@MJB – Yes, that’s CG. We used the video a while back, but I don’t remember why or who created it. But I do remember that it was video of an actual intersection and all those vehicles, bicycles and pedestrians did pass through it. But the creator copied some of the vehicles and changed when they passed through the intersection to create the video you saw. It was quite masterfully done.

  11. Scott-in-Cleveland Says:

    I’ve driven Isuzu NPR trucks. Very easy to drive and handle. I prefer them over the larger Navistar trucks.

  12. Brett Cammack Says:


    I am waiting to here that the France family has sold NASCAR and ISC to some private equity group. I think it’s day has come and gone. They’re ready to cash in their chips and retire to the Virgin Islands.

  13. Larry D. Says:

    7 Thanks, Sean.

  14. BobD Says:

    Sounds to me like Hyuandai is just trying to justify why they are still in the steel business. While vertical integration was great 50 years ago, unless you are really invested in keeping up with modernizing your in-house supply chain, you quickly find you are better off not trying to compete in commodity manufacturing. As Kit indicated, Ford, GM, and others tried to be vertically integrated and that worked against them in many situations being stuck with out-dated and uncompetitive plants and new technologies came along.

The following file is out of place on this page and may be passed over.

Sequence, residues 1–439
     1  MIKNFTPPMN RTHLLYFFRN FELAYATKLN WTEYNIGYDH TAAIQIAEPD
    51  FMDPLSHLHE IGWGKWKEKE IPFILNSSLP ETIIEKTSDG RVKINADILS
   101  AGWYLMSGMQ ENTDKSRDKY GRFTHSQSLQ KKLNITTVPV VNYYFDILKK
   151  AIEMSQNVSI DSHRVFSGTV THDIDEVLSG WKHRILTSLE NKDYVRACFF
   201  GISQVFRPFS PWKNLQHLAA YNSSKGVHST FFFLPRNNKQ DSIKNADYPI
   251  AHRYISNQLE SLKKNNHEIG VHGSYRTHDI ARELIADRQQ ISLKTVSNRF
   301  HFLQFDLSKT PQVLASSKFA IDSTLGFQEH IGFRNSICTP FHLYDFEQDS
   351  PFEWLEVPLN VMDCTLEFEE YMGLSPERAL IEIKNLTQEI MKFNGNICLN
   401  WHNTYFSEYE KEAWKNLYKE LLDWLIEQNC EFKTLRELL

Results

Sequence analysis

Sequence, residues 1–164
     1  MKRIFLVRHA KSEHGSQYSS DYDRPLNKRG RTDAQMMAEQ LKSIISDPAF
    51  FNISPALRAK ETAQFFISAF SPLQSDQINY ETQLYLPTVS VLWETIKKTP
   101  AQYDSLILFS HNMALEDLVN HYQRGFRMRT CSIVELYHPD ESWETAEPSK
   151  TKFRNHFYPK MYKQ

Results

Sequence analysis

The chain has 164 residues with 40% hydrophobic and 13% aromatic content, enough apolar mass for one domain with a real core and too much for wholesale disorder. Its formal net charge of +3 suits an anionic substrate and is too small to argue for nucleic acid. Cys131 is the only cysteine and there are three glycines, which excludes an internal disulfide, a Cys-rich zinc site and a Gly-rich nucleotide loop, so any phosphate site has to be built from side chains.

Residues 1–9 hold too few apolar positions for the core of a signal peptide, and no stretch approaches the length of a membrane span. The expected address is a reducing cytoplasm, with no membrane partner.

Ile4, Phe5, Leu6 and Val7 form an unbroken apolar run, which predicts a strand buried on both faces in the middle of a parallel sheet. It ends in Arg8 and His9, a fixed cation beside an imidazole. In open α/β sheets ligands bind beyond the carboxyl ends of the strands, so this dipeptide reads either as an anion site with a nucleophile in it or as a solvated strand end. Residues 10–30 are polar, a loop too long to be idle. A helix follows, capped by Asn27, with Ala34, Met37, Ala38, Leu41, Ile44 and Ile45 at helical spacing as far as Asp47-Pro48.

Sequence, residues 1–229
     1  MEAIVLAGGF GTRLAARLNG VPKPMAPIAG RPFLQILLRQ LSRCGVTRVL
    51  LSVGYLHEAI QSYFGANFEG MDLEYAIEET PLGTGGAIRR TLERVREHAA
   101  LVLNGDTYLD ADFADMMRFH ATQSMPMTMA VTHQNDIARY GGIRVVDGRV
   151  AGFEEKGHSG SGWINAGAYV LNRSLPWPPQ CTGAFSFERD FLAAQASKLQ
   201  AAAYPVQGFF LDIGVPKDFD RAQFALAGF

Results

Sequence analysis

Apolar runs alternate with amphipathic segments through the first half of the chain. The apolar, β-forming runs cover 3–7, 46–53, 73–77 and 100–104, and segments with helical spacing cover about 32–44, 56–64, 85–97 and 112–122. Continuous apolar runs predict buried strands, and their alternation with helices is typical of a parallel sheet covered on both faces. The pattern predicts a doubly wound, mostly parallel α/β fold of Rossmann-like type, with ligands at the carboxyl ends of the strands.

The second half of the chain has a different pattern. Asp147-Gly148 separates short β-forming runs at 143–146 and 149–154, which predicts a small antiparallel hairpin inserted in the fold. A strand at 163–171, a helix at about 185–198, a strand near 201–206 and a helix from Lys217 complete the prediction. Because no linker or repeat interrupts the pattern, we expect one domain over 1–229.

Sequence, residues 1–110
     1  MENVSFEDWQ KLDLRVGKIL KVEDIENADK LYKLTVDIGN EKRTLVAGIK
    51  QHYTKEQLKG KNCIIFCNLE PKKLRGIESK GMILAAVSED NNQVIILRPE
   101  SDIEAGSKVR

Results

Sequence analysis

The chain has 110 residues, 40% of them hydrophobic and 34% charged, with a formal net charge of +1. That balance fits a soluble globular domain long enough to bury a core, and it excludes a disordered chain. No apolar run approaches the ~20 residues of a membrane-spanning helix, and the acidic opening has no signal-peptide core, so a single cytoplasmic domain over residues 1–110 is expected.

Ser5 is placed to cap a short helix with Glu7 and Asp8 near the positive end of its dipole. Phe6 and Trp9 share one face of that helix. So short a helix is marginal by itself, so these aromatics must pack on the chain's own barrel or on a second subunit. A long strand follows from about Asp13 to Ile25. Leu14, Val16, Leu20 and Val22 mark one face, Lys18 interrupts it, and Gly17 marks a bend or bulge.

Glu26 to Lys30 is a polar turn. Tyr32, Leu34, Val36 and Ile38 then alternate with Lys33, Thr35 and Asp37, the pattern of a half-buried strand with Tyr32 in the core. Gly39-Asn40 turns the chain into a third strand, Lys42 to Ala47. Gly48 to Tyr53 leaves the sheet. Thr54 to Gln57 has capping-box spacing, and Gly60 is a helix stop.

15. Scott-in-Cleveland Says:

    @Larry D. Father Guido Sarducci was played by Don Novello. :-)

  16. Larry D. Says:

    4 Chuck this is what I remembered based on using the wrong word (here the hard of hearing Gilda/Emily thought it was… Violins and not… Violence on TV!

  17. Larry D. Says:

    15 thanks. I remembered the last name but was too lazy to google the first to make sure.

  18. MJB Says:

    #10 – Thanks Sean.

  19. ChuckGrenci Says:

    Larry D., yep your right Emily Latella and I do remember Father Guido Sarducci. Guess I’m showing my age; SNL, the early version and my memory is not quite as good as I remember. “Never Mind”

  20. Gregory Romer Says:

    Not to nit pick because I love the work you do, but why is it “coming” right up, is typically pronounced “comin” right up. Local dialect I guess. Still it seems not right. Oh well.

  21. Lex Says: